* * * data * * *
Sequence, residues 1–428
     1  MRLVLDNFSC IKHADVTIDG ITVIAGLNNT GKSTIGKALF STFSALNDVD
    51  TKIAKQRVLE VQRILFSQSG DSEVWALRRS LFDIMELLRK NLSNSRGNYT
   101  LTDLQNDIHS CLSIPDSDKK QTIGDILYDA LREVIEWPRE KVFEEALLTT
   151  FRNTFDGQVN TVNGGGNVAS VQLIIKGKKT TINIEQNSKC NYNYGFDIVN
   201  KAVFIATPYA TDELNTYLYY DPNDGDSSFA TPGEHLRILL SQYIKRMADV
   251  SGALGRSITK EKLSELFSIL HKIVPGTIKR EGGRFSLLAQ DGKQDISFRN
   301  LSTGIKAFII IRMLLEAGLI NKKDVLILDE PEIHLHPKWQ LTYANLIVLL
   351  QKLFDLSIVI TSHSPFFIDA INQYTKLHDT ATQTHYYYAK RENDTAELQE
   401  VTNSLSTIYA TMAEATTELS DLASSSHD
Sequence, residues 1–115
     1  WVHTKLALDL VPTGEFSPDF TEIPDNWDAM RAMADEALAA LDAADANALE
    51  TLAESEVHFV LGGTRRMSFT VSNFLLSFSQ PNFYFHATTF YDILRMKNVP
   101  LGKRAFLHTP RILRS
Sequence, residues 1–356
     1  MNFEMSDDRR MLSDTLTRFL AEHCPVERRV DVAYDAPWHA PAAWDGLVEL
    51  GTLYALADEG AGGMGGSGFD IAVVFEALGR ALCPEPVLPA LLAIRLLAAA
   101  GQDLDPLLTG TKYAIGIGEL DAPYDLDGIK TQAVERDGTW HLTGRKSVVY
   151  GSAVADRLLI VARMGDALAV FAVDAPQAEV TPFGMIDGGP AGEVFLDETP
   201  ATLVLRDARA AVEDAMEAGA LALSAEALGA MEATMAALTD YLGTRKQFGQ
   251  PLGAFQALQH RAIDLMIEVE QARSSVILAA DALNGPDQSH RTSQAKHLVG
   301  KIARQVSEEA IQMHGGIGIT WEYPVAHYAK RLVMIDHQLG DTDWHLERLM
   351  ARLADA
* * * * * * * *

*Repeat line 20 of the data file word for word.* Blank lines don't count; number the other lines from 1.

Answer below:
   201  ATLVLRDARA AVEDAMEAGA LALSAEALGA MEATMAALTD YLGTRKQFGQ